I am creating an extension that implements a kind of extrude function into Omniverse. Basically I want to use the new curve feature to define the middle line of a train track and use another curve as a profile shape to extrude along the first curve. I was successful in creating a Mesh prim, but I have not set a couple of attributes yet that I have seen in meshes created within Omniverse or Maya, for example:
I am particularly interested in making the collision api work on that custom mesh. So far, it seems to work without setting these attributes, but I want to be sure:
Does the collision api rely on normals or primvars:st?
If so, could someone give me some directions on how to set these correctly? I have not yet understood how to correctly set primvars and how interpolation works.
For physics the normals are required for triangle mesh approximation, if you want this mesh to be in a dynamic rigid body, then the approximation like convex hull will not use normals.
But for triangle meshes, its necessary to provide normals, since the winding does matter for physics, double sided is not supported.
in this case I need to configure normals, because it will be a triangle mesh collider. Could you give me some more directions? The USD doc is helpful, but does not answer all questions
I have checked some Mesh shapes that you can create in Omniverse and it seems they produce more than one normal per vertex. Or are they face normals? I don’t know. When I create a cube, it has 6 faces, 8 vertices, but 24 normals. What is each normal supposed to represent, and in which order are they arranged in the array? My mesh is made out of triangles.
Regarding normals, here is some more information In USD:
Normals are just primvars and they can be defined with different interpolation modes. They can be constant, per face, per vertex or some intermediate cases.
They can either be stored simply with one normal per vertex/face in a primvar array or additionally with an index array. If you don’t have this index array, the length of the primvar array needs to be the appropriate size and order based on your interpolation setting, i.e.:
Constant - 1
Uniform - # of faces (len(faceVertexCounts)) - “normal per face”
Certex - # of verts (len(points)) - “normal per vertex”
Varying / faceVarying - # of verts per face for all faces (len(faceVertexIndices)) - “normal per vert per UV patch (generally a face of a mesh))”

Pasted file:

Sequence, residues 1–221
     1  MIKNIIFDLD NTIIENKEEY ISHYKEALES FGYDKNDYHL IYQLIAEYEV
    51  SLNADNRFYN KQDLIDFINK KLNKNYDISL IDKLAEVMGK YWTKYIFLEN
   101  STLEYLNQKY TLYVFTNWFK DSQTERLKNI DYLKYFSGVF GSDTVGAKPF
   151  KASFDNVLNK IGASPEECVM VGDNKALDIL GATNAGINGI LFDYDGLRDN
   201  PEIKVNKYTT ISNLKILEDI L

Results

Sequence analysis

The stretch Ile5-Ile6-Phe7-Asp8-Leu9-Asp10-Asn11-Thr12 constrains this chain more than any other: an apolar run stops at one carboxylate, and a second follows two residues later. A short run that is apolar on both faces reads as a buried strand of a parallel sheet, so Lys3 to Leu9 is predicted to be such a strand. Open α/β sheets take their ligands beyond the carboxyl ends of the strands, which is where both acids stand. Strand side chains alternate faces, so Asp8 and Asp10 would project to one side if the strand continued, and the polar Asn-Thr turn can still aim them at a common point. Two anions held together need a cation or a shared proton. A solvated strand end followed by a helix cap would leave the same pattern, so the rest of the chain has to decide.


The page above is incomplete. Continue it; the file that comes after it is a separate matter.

When you create a mesh from a Kit UI Menu, it creates it by default with faceVarying interpolation and no normal indices. This is the default, but you can certainly have and render meshes with different types of interpolations.
Although not the default in Kit, having an additional index array could help, for instance, reduce the file size.
Apart from using the Kit’s propriety window, a good way of analyzing a mesh / file is to save the file as a “usda” (human-readable USD format) and then open it up to see the way they are defined.
If I don’t care about anything visual, I can leave the normals array empty. The collider will work if the winding order of the indices is correct. The question is, what defines the correct winding order? Is it the way face vertices are arranged in either clockwise or anti-clockwise fashion? If so, my guess would be if I am looking on top of a face and see the vertices of that face numbered counter-clockwise, the normals vector points away from me, correct?
If I create a mesh inside Omniverse, it is created with normals and primvars:st. Default interpolation is faceVarying. I just checked this in a usda file.
If I am interested in textures etc. normals and primvars:st should be provided.
When I create a cylinder, it seems to have 32 faces with 4 vertices and 64 triangles with 3 faces, 96 faces altogether. The normals array contains 320 normals. The primvars:st array contains 320 entries. That is because interpolation is faceVarying and that means 1 normal per vertex per face.
Assuming my mesh has only triangles and I want to use uniform interpolation, I need one normal for each face. Presumably oriented orthogonal on the face.
If I want to use faceVarying interpolation, I need 3 normals for each face, correct? how do I need to orient each of these normals?
This is not exactly true, since RTX rendering is rendering triangles double sided, so you wont see if the winding (order of indices) is correct. (you can also change that through GetOrientationAttr that is on a UsdGeomMesh).
For physics, you can see the end result normals using the physics debug visualization and enabling normals.
Then we are rendering the normals for the meshes together with the mesh triangles:
This is the best way to ensure that your normals are facing the right directly in physics.